CAMP FOSTER, Okinawa — For the second straight year, the Okinawa Football League has suspended operations due to lack of players, Marine Corps Community Services officials told Stars and Stripes.
And this time, the two-time OFL champion Kadena Dragons are sitting out the season as well.
“Not enough Marines,” MCCS Semper Fit chief Steve Rowland said.
A minimum of two Marine teams of 40 or so experienced players, Rowland said, was needed to sustain the OFL, along with the Dragons and the Ryukyu University Stingray, a Japanese team.
The continued deployment of Marines to the Middle East is mainly to blame, Rowland said.
Kadena coach Will Cupp kept the Dragons going in 2006 despite the OFL shutting down, playing two games in a five-day span last June against U.S. Forces Japan-American Football League opponents.
But without regular OFL competition, Dragons players’ interest waned, Cupp said. Kadena had been slated to play seven games against USFJ-AFL teams this summer, but all those games have been canceled, Cupp and USFJ-AFL commissioner Kyle Rhodus said.
“We had things come up, we didn’t get our advertising out in time, we tried to keep it just Air Force too long” instead of involving players from other services, including OFL Marines, Cupp said.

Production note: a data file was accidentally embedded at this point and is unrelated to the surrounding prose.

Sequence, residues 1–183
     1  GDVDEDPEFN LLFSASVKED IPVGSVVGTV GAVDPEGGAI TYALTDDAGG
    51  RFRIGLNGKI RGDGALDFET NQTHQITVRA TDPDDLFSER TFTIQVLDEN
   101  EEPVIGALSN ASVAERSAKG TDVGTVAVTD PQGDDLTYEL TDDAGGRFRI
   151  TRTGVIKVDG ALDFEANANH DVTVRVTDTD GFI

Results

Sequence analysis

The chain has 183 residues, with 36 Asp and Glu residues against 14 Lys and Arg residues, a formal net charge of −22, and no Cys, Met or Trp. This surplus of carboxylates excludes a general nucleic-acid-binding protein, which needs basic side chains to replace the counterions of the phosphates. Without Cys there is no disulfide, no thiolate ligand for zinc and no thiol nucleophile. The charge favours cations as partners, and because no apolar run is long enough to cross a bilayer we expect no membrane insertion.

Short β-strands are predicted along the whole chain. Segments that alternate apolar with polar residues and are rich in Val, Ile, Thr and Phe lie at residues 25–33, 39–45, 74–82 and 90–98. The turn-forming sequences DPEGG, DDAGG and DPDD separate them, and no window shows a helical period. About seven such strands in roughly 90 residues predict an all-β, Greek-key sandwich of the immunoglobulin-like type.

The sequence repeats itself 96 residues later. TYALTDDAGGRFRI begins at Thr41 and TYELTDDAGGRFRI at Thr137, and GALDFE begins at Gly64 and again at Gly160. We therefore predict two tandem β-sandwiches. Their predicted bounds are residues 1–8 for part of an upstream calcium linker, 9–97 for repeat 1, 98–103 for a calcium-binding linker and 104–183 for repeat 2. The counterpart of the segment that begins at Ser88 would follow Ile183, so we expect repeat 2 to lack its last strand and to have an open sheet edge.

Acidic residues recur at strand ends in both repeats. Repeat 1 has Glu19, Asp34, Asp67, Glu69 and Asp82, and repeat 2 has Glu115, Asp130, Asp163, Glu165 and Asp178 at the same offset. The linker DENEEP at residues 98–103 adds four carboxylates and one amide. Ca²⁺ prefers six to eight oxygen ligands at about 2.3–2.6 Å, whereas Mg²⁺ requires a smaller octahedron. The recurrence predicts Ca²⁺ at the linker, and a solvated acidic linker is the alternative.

The Okinawa league started in September 2004 with four Marine teams — Schwab, Foster-Futenma, Kinser and USFJ-AFL remnant Courtney-Hansen, along with Kadena and Ryukyu. That number dwindled to three Marine teams in 2005 when Schwab suspended operations.
Kadena went 17-1 in the two seasons, beating Schwab 44-14 in the 2004 title game and Courtney-Hansen 45-7 in the 2005 championship.
After the 2005 campaign, Kinser, which had trouble fielding teams, announced its intent to fold, and MCCS officials planned the league around two Marine teams, a North and a South team. But not enough players could be found to fill even those uniforms, Rowland said.
“You have commitments, field exercises and deployments — it’s hard to field competitive teams,” he said, adding that the experience level needs to be there along with numbers.
“You don’t want inexperienced players, people who have never played, to try to get out there and possibly get hurt,” he said.
What might happen with the OFL in coming years is “hard to say,” Rowland said.
“We’re going to retain the equipment” in a storage area, Rowland said. “Who knows what’s going to happen?”
Cupp said he plans to cull players from all four services on the island into a newly organized Dragons team to play USFJ-AFL opponents in 2008.
“We’ll be back online with it next year,” he said.